In a word, it sucks. As I often say, “I can ride in the cold, and I can ride inthe dark. But I really, really hate riding in the cold AND the dark – together.”
Add in the factor that any riding in the dark these days has to be done in the round pen and the ‘suck’ factor increases exponentially.
And I discovered something else about riding in the round pen the other night. It makes me dizzy. Don’t ask me why. I was looking up and really not focusing on those metal rails constantly whizzing by. But there was just something about it that made me feel slightly off-kilter.
Faeryn was the round pen victim the other night. She’s gotten short shrift since I’ve been focusing on Fling this week. Her right canter is much, much better and I would call it “good” now. The left – could not get the left canter to feel right, no matter how much I tried. It felt good the last time I rode her in the field. Maybe part of it was my round pen aversion. I will ride her tonight and see what I have. And of course, the weekend is coming up – two glorious days of 10+ hours of daylight – and rain is predicted each day. Not only that, I am supposed to take riding lessons both days.
Fling is working very well, despite the fact I have not had a lesson in more than a month now. That has not been intentional, but between the holidays, and Christmas and New Years’ both falling on weekends, lessons were in short supply. And last weekend, I was scheduled to take one on Sunday which turned out to be a perfectly rotten cold, rainy day. No one wanted anything to do with lessons that day – trainer or students!
So I’ve been plugging along on my own. And I really hope to heck when we go in for a ‘checkup’ this weekend, the ‘dressage docs’ will pronounce us good to go and not ‘diagnose’ any huge problems!
My ongoing challenge with both Fling and Faeryn right now is staying quiet and not interfering (aka “pumping”) at the canter. Fling’s canter is more collected some days than others – I was getting a bit concerned about it on Wednesday, but last night her canter felt great and super collected and we even did a few schooling pirouettes. However, I have not seen video of me riding her in almost a year and that concerns me a little. Mike is going to come Sunday and video my ride and I hope that a) proves useful and b) doesn’t make me burst into tears or run from the room screaming when I watch it.
But I am growing a bit weary of the cold. We’re not used to extended periods of ‘cold’ — we tend to get a day or two, and then it warms up, so we don’t have time to get real cranky about it. 😉 The horses ahve been wearing blankets each night and turnout sheets during the day all this week. Today has been the first day they’ve gone out without their sheets all week.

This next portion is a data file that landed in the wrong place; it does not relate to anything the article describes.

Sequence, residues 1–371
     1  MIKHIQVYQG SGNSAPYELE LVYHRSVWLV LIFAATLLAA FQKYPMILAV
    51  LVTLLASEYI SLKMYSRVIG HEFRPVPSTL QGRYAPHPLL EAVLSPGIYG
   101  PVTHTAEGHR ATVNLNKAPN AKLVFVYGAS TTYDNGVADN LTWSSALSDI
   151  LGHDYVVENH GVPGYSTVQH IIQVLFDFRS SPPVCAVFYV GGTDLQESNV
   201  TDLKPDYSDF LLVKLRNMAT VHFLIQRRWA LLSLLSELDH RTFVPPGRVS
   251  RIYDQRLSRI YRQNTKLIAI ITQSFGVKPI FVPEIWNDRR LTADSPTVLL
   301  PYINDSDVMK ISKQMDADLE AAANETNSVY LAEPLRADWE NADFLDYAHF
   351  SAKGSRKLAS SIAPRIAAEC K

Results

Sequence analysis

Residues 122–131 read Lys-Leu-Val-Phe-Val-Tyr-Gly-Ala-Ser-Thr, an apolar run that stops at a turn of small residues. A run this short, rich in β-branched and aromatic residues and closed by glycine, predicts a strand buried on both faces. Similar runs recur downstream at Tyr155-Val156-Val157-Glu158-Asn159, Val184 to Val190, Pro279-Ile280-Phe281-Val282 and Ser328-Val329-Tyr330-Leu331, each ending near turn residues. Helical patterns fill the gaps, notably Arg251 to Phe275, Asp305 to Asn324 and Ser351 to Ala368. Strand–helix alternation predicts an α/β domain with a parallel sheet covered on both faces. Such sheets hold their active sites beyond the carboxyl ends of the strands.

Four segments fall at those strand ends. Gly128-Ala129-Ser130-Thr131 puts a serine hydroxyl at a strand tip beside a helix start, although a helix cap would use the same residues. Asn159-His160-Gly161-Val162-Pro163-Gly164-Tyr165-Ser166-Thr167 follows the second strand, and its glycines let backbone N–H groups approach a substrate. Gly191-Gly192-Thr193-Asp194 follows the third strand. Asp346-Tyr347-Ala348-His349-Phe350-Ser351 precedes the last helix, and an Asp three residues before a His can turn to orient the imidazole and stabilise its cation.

People in the north would scoff at what we consider ‘cold’ and rightly so.However, as I have discovered growing up in Houston, there are two factors to how cold we think it is here. Factor One. If you grew up in a mild climate, you most likely never learned how to actually dress for cold weather. Down here, when it got cold, you threw a coat over your short sleeved shirt. Which would do little to keep you warm. Factor Two: Just like our heat, our cold is ‘damp’ too. And that makes a huge difference. I could not believe when I went to CO snowskiing that I was never cold. The damp cold really does seem to ‘chill you to your bones.’
But, the beauty of living to be 50+ is that sometimes you learn something. And although I will never ’embrace’ the cold – at least I have learned how to dress for it. First, lots of layers. Second – DOWN! I discovered Lands’ End down vests about two years ago and REALLY stocked up on them during our awful winter last year. They’re great for riding, since you can peel them off when you warm up. This year, I have discovered honest-to-goodness down COATS! LE has some that are not too bulky, and are short enough not to interfere with your butt in the saddle. 😉 The first one I ordered arrived on Tuesday – just in time for our current cold snap. It got field tested quite quickly. The other thing I have discovered is polar fleece socks. Plus polar fleece hats, neck gators and scarves. And, last but not least, thinsulate gloves. These lovely ‘high performance’ fabrics have kept me riding when I really, really just want to sit on the couch with my fat, furry cat, Bubba, and eat popcorn and watch TV.